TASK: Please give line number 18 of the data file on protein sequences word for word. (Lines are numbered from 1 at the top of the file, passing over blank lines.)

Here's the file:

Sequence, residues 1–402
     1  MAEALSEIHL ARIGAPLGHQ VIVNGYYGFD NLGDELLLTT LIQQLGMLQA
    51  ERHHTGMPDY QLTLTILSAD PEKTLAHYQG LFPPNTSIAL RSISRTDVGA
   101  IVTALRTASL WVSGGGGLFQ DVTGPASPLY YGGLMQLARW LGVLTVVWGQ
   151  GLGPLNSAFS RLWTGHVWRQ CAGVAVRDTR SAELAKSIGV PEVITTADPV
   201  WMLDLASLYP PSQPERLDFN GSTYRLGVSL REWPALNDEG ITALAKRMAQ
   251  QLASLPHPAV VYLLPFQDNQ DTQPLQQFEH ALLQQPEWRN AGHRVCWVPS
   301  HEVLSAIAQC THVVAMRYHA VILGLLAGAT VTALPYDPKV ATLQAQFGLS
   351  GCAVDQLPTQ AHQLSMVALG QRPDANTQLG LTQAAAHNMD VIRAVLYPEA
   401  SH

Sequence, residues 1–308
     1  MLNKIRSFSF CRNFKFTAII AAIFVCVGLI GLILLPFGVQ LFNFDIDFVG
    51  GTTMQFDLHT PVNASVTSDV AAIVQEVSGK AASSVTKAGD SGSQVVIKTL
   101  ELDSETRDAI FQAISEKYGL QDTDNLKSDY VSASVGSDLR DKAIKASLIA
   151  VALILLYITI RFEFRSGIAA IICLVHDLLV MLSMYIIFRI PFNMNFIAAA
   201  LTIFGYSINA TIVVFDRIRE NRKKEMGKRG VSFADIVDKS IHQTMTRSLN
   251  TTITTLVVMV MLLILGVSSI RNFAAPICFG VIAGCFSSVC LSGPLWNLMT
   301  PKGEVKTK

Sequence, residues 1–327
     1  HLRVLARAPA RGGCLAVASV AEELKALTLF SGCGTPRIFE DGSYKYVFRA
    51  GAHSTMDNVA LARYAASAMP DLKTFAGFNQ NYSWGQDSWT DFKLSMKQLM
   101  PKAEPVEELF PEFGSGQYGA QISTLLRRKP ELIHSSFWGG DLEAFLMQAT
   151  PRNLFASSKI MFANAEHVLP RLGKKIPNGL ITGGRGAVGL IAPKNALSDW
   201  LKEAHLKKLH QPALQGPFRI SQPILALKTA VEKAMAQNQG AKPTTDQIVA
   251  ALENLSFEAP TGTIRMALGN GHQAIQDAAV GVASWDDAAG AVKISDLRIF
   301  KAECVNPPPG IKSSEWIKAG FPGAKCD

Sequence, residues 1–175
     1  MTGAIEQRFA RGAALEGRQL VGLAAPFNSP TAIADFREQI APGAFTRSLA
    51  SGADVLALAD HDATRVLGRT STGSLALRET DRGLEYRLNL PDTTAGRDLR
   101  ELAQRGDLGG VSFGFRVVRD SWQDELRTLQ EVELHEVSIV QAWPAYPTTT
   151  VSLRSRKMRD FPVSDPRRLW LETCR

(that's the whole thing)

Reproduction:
   301  PKGEVKTK